I really didn't think anyone would read my blog after such a long silence. (Over months and months of feeling stuck in a so-so groundhog day, I really wasn't feeling much inspiration to write. Also, newsflash: apparently I'm a real Debbie Downer.) But there's nothing like that fun word--deployment--to make a stalled blogger start hitting the keyboard again. Those awful thoughts can only circle your mind for so long before you need to get them OUT, or else.
All of the comments on my last post didn't make be feel "better," exactly; I'm not sure "better" is in the offing for anyone preparing to send a spouse to a war zone. But they did make me feel less alone, which might be even more valuable.
I live on a military base. I'm very much an introvert so I don't have a wide social circle, but in my neighborhood and while volunteering at the USO I do meet lots of people with spouses who have/are deployed or will be deploying. With only a few exceptions, most people who hear that Spike is deploying stick solely to the positives. Like, It'll make your marriage stronger. You'll get to fall back in love all over again when he comes home. You'll have the opportunity to meet lots of amazing women who are also in your shoes and focus on sisterhood. You can write and paint more. Etc. I know all those things are true, and I know that the people saying them are offering me good advice and a perspective that I sorely need to adopt. But at this moment, it's not working.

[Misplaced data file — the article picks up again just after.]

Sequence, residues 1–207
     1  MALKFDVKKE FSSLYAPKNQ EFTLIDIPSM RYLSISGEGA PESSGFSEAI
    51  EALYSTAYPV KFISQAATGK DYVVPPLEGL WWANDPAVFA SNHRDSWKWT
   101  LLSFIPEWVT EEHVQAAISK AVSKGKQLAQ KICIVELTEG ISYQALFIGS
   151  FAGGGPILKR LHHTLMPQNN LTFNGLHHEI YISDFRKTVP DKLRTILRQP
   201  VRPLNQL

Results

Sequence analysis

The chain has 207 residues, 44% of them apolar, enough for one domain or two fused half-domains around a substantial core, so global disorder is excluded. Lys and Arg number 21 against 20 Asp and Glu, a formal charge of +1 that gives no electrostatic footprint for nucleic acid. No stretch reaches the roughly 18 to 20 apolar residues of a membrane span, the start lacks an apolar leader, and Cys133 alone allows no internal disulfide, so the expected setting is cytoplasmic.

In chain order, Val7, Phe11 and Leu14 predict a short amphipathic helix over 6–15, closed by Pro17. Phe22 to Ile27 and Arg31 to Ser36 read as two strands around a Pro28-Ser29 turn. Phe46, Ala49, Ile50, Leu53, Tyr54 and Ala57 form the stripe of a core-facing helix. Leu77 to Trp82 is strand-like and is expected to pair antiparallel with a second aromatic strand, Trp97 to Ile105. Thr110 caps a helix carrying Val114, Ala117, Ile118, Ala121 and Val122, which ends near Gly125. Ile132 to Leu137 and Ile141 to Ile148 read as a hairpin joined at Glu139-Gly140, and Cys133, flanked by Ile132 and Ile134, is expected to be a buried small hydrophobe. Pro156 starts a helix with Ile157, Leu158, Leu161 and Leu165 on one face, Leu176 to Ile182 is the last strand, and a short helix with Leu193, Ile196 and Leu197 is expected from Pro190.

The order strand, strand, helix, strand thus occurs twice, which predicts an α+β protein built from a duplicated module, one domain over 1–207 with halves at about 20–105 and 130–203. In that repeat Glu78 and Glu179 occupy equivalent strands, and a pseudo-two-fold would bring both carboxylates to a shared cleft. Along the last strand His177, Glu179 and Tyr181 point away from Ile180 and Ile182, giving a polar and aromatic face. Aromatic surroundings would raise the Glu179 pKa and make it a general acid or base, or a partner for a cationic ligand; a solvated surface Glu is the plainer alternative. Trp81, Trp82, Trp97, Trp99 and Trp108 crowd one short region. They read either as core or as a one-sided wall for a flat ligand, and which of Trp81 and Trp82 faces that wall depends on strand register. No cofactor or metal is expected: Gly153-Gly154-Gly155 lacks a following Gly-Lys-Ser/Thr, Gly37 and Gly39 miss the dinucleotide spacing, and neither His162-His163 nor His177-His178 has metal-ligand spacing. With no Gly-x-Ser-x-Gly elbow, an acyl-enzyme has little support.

The thing is, right now, all of those comments make me want to grind my teeth together and perhaps commit an act of violence. Not to the person encouraging me; just in general. After all, I don't want to have to fall back in love again. I didn't get married to focus on sisterhood or to write and paint; I got married to be with the man I love! I have to stop and remind myself that the following is true, as infuriating as it might be to hear: "You married him. You knew this was a possibility when you said 'I do.' And even now, in this situation, you still wouldn't think of doing anything different for even a nanosecond."
But what I remember reading somewhere once is also true: If you see a baseball flying toward your face, it doesn't hurt any less on impact just because you saw it coming.
Anyway, I'm rambling away from my point. Here it is: It really, really, helped to read, "Deployments suck." Having that acknowledgement from others who have been there is really what I need to hear right now. And also, it's easier for me to believe encouragement from someone once she--or he--has uttered that simple statement. Hearing it from a couple good friends here on base has also helped immensely because I know I'm not the only one who doesn't always have the stomach to put a positive face things. Because of what everyone, here and online, has shared, I'm going to believe that once the goodbyes are said I'll feel more like focusing on all of the silver linings.